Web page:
Welcome to Nightpixels, a visual blog about investing, business, and technology.

Nightpixels is published each week by Nightview Capital Research Analyst Cameron Tierney. Follow him here on X and Linkedin.

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    The Pareto principle in stock returns

    This chart illustrates the distribution of collective stock returns from 1989 to 2015. Notably, it shows that the top-performing 2,942 stocks (20% of all stocks) accounted for all the gains in the market. In contrast, the worst-performing 11,513 stocks (80% of all) collectively had a total return of 0%. This data is exemplary of the Pareto principle, where a small percentage of (in this case) stocks drive outsize performance. This insight is crucial for investors focusing on stock selection and portfolio diversification, underscoring the importance of identifying and investing in best ideas to have a chance at outperformance.


    The S&P 500 has never been more top-heavy

    This chart tracks the top 10 stocks by market capitalization as a percentage of the top 500 companies by market cap from the 1880s to the present. As has been well-covered by financial media, the S&P 500 is unprecedentedly concentrated. Today, the top 10 stocks account for over 30% of the entire index’s market cap. Although this chart is technically not representative of the index itself—the modern S&P 500 index was established in 1952—it illustrates that the only other time since the 1880s that concentration reached these levels was in the 1950s and 60s. At that time, AT&T dominated the S&P 500. The recent surge highlights the dominance of a few mega-cap companies in today’s market, raising concerns about the sustainability of such concentration and whether indexing is a prudent strategy for investors interested in diversification.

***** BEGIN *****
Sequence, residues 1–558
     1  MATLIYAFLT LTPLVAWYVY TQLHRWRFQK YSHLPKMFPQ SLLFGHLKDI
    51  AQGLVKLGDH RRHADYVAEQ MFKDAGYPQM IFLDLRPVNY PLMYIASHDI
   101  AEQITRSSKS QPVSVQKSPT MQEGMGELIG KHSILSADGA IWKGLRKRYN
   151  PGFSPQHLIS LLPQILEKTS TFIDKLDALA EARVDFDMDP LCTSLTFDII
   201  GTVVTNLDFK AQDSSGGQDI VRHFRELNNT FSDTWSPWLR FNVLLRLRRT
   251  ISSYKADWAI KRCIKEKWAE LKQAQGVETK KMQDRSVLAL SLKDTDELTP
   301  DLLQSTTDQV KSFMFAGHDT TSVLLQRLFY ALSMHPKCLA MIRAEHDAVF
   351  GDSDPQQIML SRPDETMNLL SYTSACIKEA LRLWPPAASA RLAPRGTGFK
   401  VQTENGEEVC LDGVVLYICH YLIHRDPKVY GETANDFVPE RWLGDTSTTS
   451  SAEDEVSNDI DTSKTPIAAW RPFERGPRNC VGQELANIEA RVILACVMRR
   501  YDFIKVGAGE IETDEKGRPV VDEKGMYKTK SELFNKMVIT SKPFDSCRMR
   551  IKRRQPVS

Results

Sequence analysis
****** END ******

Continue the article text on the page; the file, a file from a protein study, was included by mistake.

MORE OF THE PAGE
Options volume has never been higher

    The chart shows the volume of call and put options traded from 1992 to 2023. Over time, both call and put volumes have trended up, exploding in volumes around 2020. This boom reflects growing investor interest in and access to options trading. It has never been easier for retail investors to access these products and place trades, especially considering low and no fee brokerages that are now industry standard. Options contracts are derivatives of underlying securities. Their proliferation among investors forces market makers and other participants to change their buying and selling behaviors at the margin, altering the texture of global financial markets.


    Equity risk premiums are approaching Dotcom bubble levels

    This chart presents the S&P 500 equity risk premium, calculated as the forward 12-month earnings yield minus the nominal 10-year Treasury yield. Current levels are approaching the equity risk premium of the Dotcom era, where investors were not well-rewarded for taking on incremental equity risk in their portfolios. In general, lower equity risk means investors should be more wary of buying stocks because future returns are expected to be lower than recent history. For passive strategies, this can spell doom, but salient active managers may be able to navigate the storm and outperform.


    The U.S. and Canadian economies are going their own ways

    This chart compares the per-capita real GDP of Canada and the United States from 1991 to 2024, indexed to 1991 levels. Both economies showed parallel growth trends until the late 2010s, after which they began to diverge. The U.S. economy has experienced a sharper recovery and higher growth rate post-2020, while Canada’s growth has been more subdued, even slipping into decline. After decades of coupled movements in per-capita GDP, it seems the U.S. has pulled away from Canada and continued its growth, at least for now.